4 vital business lessons from Google’s snafu with Mocality in Kenya.

Finally, it seems the dust is settling after what I could only describe as a hell of a storm of controversy surrounding Google’s snafu with Mocality in Kenya over the last couple of days. I blogged about it here when I found out that Google had apparently tried to get Mocality listed businesses to shift their services to them under the Kenya Businesses Online (KBO) initiative. The full details of this matter can be found on the Mocality blog here, including the latest update that shows that Google actually apologized for what they did, directly or indirectly.

In analyzing this whole Google and Mocality fiasco, it occurred to me that there are several business lessons that one could learn from the same. This applies to both sides of the matter meaning you could benefit from some of the insights that came out of this incident. So, here we go, 4 business lessons from Google’s snafu with Mocality in Kenya from this past week.

Your friend is your enemy, and your enemy is your friend.

Google is one of the world’s largest and most profitable businesses. Google makes its money largely from running the world’s best and most successful search engine and then monetizes that traffic through advertising. However, Google’s business is more complex than this simple description as their offerings now span the gamut of possible digital services and platforms – be it their Google Apps, Android, etc. In a nutshell, Google is BIG in every sense of the word. It is for this very reason that on one hand, Mocality got given the wrong end of the stick by Google where their KBO initiative is concerned. However, on the other hand, Mocality is and will continue to be a major user of Google’s online advertising services. It’s as simple as that when all is said and done. Mocality will continue to cooperate with Google as an advertiser but will also compete with them as well. This sort of conflict of interest scenario is often referred to as “coopetition”. More and more these days, coopetition is a fact of life in business and there are numerous scenarios where it happens. Mocality and Google is no exception. Buckle up folks, this is the real world.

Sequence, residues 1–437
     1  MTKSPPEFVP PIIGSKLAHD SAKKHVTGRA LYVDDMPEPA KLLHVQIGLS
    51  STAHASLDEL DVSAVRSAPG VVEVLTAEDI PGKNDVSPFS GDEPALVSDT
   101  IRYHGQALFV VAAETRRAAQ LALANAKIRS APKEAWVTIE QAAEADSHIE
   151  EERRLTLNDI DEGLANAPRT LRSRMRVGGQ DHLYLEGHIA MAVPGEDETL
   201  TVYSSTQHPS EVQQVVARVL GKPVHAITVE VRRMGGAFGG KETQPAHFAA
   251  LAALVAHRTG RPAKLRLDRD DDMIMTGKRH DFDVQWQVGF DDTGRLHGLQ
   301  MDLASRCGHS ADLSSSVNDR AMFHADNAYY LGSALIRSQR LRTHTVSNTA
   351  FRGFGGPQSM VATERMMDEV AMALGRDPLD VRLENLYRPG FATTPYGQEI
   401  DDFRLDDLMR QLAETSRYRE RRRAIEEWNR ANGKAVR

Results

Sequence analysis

Do your homework first.

What Mocality did before they came out with their detailed blog post on what Google had done to them was do their homework, thoroughly. They pulled off a sting operation in a detailed and comprehensive manner. Nothing was left to chance. By the time they had irrefutable evidence of what Google had done, they then went after Google in a transparent and factual manner. They did not simply hurl unfounded accusations at their tormentor – they made sure they had all the dirt on them first. To me, this was an act of brilliance, of sheer genius. In the digital realm, it is now more possible than ever to get down to all the granular detail of evidence before going for the jugular. The forensic manner in which Mocality made their case gave them potent ammunition that probably has Google wondering how this could have happened to them. Could it be that Google was arrogant and made many assumptions that their actions or those of contracted third-parties would go unnoticed and unpunished? It would indeed seem so. Whatever the case, doing your homework is always a good idea and this would apply to both Google and Mocality in this case.

Bad news can actually be good news too for the small(er) guy.

Mocality has had a good run in Kenya for the past few years. They have worked tirelessly to create the largest and most up to date business directory in Kenya. They have spent good amounts of money to make it all work whilst not earning much yet. All things considered, they are successful and are set to really take off in the coming years. However, Mocality has been a business that is largely unknown beyond Kenya and Africa. In the context of what Google did to them, you could say that Mocality is ultimately the small(er) guy in this whole matter. I emphasize small(er) instead of small since Mocality is owned by MIH which is one of the largest holding groups in the world when it comes to e-commerce businesses and hence they are not small but a small(er) giant compared to Google. The cool thing in all of this happening is that suddenly the whole world knows about Mocality since the story broke out of the African Blogosphere and grew into a global mainstream news story. I cannot possibly calculate what this kind of visibility is worth but I would say a good amount of money, more or less for free. Suddenly, Mocality has global fame from this snafu. Bad news can actually be good news too!